Food, by nature, is polarizing: every dish a love or hate proposition. We all have a handful of things we’d happily drive across town to eat, or in the opposite direction to avoid eating (this writer is not rushing out to pick up another six-pack of fermented quail eggs any time soon). The line between love and hate is a wholly subjective one, and, like testing the patience of a substitute teacher, you don’t often know where the line is until you cross it. This is why we love trying new things — in part to answer the question, “Do we like it?” but more broadly for the reward of an experience that, good or bad, will at the very least become fodder for a decent story some night around another dinner table.
Maybe this is more of a build up than pickled herring deserves, but the point is, this is some seriously polarizing stuff. Not quite sheep’s-brain-terrine polarizing, but we know few people whose feelings about it are ambivalent. The sight of a packed jar of skin-on herring fillets in wine sauce either makes your mouth water or causes your gag reflex to activate instantly.
We are fervently, ecstatically, and unequivocally in love with pickled herring. During the holidays, obviously, but just as much in the middle of summer when a pleasingly fishy, sweet, savory chilled snack hits all the right notes in the same way “Get Lucky” did the first time you heard it. Lucky for us, Ingebretsen’s on East Lake Street enables us to get our pickled herring fix year-round.
Your feelings about this small, fatty, cured fish aside, if you’ve never been to Ingrebretsen’s, you should go. For over 92 years they have been the go-to purveyor of all things Scandinavian. From authentic imported lefse griddles and cute decorative trolls to a full-on, totally legit meat department with a killer beef / pork Swedish meatball mix and handmade Danish, Norwegian, and Swedish potato sausage, if it’s at all Scandi, you can likely find it at Ingebretsen’s. But man, the herring.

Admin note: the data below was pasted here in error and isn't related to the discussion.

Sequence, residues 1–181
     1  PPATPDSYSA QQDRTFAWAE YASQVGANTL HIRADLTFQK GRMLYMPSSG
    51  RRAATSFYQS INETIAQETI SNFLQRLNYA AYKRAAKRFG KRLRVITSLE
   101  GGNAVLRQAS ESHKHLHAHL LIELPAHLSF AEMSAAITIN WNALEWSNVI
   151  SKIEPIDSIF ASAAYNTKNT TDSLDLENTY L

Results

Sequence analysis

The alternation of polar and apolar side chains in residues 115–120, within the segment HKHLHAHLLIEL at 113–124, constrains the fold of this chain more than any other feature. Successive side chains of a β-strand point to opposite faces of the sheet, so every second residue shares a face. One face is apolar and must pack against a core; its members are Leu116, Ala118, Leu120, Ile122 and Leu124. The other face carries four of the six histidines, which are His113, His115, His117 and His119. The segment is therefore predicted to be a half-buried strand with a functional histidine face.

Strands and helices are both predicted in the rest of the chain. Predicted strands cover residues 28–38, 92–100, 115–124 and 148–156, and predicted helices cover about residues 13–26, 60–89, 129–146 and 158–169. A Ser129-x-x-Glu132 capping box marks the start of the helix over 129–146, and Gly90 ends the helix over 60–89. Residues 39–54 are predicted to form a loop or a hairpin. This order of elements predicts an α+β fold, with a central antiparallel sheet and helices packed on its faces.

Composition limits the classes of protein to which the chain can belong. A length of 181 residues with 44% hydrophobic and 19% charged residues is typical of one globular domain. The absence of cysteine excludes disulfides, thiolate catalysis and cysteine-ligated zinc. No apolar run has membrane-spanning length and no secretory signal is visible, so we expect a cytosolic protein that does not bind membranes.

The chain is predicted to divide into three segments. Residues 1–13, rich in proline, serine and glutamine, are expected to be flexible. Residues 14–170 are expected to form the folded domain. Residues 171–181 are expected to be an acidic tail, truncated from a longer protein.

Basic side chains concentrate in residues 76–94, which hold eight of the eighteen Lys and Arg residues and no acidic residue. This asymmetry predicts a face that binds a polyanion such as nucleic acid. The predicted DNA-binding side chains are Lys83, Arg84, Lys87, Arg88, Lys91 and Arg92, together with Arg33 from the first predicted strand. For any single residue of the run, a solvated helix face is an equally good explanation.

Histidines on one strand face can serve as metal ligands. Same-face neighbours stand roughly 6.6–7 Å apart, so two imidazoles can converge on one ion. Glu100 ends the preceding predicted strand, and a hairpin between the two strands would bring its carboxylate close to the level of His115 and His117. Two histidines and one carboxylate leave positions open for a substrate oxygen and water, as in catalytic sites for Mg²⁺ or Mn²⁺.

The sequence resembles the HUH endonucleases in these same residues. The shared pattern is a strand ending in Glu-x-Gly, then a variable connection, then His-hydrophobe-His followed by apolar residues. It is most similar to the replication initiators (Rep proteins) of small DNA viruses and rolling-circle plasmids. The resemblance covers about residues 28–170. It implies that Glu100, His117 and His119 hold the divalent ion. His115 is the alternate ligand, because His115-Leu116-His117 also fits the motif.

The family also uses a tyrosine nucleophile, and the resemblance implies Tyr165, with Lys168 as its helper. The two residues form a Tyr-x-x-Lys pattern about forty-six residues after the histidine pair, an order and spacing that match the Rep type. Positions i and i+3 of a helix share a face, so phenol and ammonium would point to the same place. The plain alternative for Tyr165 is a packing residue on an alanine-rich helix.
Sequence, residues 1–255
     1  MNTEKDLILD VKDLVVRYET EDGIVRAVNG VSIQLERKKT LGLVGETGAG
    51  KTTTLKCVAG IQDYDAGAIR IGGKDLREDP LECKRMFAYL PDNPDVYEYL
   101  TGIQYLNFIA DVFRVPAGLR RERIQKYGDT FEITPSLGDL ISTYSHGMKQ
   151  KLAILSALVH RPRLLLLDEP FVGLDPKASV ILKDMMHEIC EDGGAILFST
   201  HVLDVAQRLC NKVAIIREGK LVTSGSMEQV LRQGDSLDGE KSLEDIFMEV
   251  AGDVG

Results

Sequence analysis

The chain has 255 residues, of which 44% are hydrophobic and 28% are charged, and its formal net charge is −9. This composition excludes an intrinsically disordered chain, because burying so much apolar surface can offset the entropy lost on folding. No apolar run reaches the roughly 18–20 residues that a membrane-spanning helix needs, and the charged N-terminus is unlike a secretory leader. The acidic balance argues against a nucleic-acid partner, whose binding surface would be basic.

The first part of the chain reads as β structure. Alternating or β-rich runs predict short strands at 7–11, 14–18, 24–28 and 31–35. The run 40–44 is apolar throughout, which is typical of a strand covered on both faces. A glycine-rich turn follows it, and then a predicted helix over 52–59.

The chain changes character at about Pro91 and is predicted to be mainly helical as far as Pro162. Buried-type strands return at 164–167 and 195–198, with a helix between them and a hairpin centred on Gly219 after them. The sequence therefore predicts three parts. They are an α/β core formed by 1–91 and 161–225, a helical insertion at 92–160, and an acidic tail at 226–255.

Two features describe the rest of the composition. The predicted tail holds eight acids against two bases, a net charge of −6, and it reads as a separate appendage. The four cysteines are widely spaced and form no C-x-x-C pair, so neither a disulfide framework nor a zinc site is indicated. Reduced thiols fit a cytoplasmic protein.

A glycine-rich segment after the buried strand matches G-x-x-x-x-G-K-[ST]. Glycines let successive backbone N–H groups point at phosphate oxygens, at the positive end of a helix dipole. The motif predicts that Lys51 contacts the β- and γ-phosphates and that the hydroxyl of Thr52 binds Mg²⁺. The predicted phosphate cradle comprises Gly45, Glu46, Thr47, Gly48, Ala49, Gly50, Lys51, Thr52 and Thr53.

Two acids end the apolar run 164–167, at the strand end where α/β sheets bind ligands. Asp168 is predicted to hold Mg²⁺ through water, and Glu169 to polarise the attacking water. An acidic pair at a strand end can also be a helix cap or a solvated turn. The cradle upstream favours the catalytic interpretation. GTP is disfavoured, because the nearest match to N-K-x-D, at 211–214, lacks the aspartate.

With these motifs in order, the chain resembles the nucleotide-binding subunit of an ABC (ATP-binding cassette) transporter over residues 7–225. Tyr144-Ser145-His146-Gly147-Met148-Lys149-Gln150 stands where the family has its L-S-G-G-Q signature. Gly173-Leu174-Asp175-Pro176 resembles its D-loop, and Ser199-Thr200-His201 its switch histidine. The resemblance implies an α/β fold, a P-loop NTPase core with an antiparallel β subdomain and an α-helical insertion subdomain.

Ingebretsen’s offers both imported and domestic herring. The imported stuff is made with herring from the Baltic Sea and is available by the pound in the meat case. The domestic is made using Icelandic herring pulled from the chilly North Atlantic and is prepared and canned by the Olsen Fish Company in Minneapolis especially for Ingebretsen’s.
The imported fillets are a little smaller, but not by much. Both are cured in a traditional wine sauce that consists of vinegar, wine, sugar, spices (mustard seed, fennel, salt), and sliced onion. It’s awesome just like this, served atop a Norwegian rye crisp, toast, or even just a club cracker, or you can opt for flavored cutlets, which are made simply by replacing the wine sauce with another — sherry, mustard, and sour cream.
Traditional herring in wine sauce is undeniably and powerfully fishy, but also sweet and salty thanks to the pickling — all in perfect balance, mind you. This is the bread and butter, and few do it better than Ingebretsen’s. The fish is tender but not mushy, substantial but not chewy. It very nearly melts in your mouth.
The dill flavor is also excellent. The fresh, crisp, and slightly peppery herbs are the perfect complement to the sweetness of the brine. The sherry herring comes with a surprising hint of allspice, but the sweetness of the wine itself seems to bury the flavor of the fish and the savory side of the bargain. The herring in sour cream is absolutely amazing. The full flavor of the sea and the sweetness of the brine are brought harmoniously together with the mellow sour cream sauce. Wow.
If you have any questions when you’re here, ask for Mike or Gary in the meat market. These guys really know their stuff and will gladly guide you through their impressive selection.
And finally, if you’re in the mood for something boozy, herring pairs nicely with anything light and snappy like a traditional German pilsner or a Heineken. Or, even better yet, keep things really Scandi and wash it down with a few stiff swigs of aquavit. Ja!
Ingebretsen’s, 1601 E Lake St, Minneapolis, MN 55407; 612.729.9333